Re rice mirin:  It is a type of rice cooking wine, but without the alcohol.  It is fermented and imparts a flavor similar to a light sherry; in other words, a slightly sweet flavor with the hint of pungency that alcohol often gives.  The brand I use is Eden.  The results from it being evaluated for hidden ingredients have changed in previous years, but it consistently was positive for fruit.  I will often use it, sparingly, as a flavor enhancer when sautéing vegetables or seafood, adding it at the last minute and allowing it to cook down with the burner heat turned off, the same as if cooking with alcohol.  It makes for a rich, delicious flavor.


main st market

Posted by Traci, 26th December, 2010:  Where is the new Main St. Market in Spokane?  Thanks.

Posted by Sandra Strom, CEO of Song of Health:  The only location I can find for Main Street Market in Spokane is:  44 west Main Avenue, Spokane, WA 99202, (509) 458-2667


Raspberry Thumbprint Cookies (click to go to recipe, Posted by Bon).

sour dough starter

Posted by Traci, 26th December, 2010:  Hi Sandra, I was looking in the July newsletter for your sour dough starter recipe, and I just can’t find it.  I know I’ve seen it, just can’t remember where.  Thank you.

Posted by Sandra Strom, CEO of Song of HealthHi Traci, my sourdough recipe can be found in the recipes section, under Biscuits, Breads and Crackers:  Easy Sourdough Starter.  In health, Sandra

Posted by Traci: Thank you.  Wow, I looked there must have been tired and missed it.  T

sourdough starter (second thread)
Posted by Traci, 2nd January, 2011:  Hi Sandra, I made my first batch of sourdough starter on the 31st and so far so good.  When it is refrigerated and needs to be fed every week does one still need to discard half the mixture before adding more water and flour?  I noticed in the sourdough bread recipe, to make the sponge you need 2 cups of the starter.  It just doesn’t seem like there would be enough.  Somewhere you had referred to a newsletter that was dedicated to bread making; can you please remind me what newsletter that is and does it cover all the what, whys and hows of the sourdough starter ?  Thank you. Hope you had a nice (CHRIST)mas and new year.  Rookie Traci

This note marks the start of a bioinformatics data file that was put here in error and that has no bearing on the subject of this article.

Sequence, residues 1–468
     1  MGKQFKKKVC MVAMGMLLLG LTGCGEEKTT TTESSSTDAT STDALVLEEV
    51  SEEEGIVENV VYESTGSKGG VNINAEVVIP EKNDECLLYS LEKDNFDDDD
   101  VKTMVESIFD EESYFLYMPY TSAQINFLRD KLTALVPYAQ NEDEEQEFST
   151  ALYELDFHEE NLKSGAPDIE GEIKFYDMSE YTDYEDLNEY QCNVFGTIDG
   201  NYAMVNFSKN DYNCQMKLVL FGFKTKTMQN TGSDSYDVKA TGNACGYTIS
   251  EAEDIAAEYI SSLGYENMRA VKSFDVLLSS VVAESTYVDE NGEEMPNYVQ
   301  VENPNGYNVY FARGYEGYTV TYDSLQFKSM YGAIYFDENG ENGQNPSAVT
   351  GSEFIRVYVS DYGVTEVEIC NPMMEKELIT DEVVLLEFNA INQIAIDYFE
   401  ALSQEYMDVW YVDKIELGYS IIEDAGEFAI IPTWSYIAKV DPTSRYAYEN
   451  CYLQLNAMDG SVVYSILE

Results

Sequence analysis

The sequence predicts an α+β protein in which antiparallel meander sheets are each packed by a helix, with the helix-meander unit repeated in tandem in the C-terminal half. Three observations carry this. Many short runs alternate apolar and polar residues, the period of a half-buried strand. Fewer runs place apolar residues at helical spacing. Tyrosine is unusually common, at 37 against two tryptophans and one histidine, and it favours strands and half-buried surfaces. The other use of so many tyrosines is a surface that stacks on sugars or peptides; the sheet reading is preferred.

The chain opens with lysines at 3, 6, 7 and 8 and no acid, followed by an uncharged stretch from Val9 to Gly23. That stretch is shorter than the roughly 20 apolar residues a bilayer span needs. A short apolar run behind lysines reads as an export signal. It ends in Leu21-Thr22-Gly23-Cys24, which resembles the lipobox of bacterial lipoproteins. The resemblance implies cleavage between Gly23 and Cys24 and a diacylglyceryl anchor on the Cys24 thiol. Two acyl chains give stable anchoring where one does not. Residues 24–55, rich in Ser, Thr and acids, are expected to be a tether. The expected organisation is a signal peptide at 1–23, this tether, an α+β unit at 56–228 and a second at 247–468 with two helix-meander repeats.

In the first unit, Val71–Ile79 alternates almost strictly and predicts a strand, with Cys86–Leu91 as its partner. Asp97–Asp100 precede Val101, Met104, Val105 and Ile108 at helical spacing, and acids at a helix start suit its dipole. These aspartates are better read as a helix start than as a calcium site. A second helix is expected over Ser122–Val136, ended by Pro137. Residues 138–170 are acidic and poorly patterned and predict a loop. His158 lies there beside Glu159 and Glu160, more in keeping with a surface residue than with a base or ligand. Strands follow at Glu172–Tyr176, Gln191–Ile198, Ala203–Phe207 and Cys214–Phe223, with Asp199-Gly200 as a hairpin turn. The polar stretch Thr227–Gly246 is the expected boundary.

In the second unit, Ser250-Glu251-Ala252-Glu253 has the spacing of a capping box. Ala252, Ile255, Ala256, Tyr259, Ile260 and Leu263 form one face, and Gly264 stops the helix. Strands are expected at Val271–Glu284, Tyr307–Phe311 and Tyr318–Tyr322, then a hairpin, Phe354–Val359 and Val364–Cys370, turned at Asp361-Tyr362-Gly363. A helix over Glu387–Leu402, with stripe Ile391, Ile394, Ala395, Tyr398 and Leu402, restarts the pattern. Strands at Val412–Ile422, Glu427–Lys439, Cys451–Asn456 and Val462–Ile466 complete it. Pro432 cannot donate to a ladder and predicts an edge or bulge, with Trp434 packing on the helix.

Posted by
Sandra Strom, CEO of Song of Health:  Hi Traci, I found the newsletter the original recipe and instructions were included in:  July 2009

After over a year's worth of experience using the sourdough starter, this is my routine:  Begin the sourdough starter per instructions, i.e., 1/2 cup water to 1/2 cup flour.  Mix well.  Make sure no metal touches the starter.  I put mine in a glass jar and stir with either a wooden spoon or a rubber spatula.  The cover must have air holes to allow the starter to breathe.  I keep the jar of starter on the counter overnite.  The next day I mix another 1/2 cup of each into the starter and keep at room temp on the counter.  The next day I repeat the process, either adding a cup of each or 1/2 cup and repeat again another day.  You can also do 1 cup per day, then refrigerate, which will make a milder sourdough.  The more it sits out, the tangier it gets!

When ready to use, I add about 1 tsp. of agave syrup to my sponge.  It gives it something to feed off of, and agave is a "neutral" sweetener - safe for everyone.  It will also be a small part of the next batch. Then start the process over.  I know the recipe says to feed - or add to - the starter every week, but it depends on how often you make bread.  For me, I generally make bread once a week.  If you have a family of several who eat bread, you may go through it every day.  In that case, use 2 cups of each water and flour to make your starter and let it set out overnite, until ready to use the next day.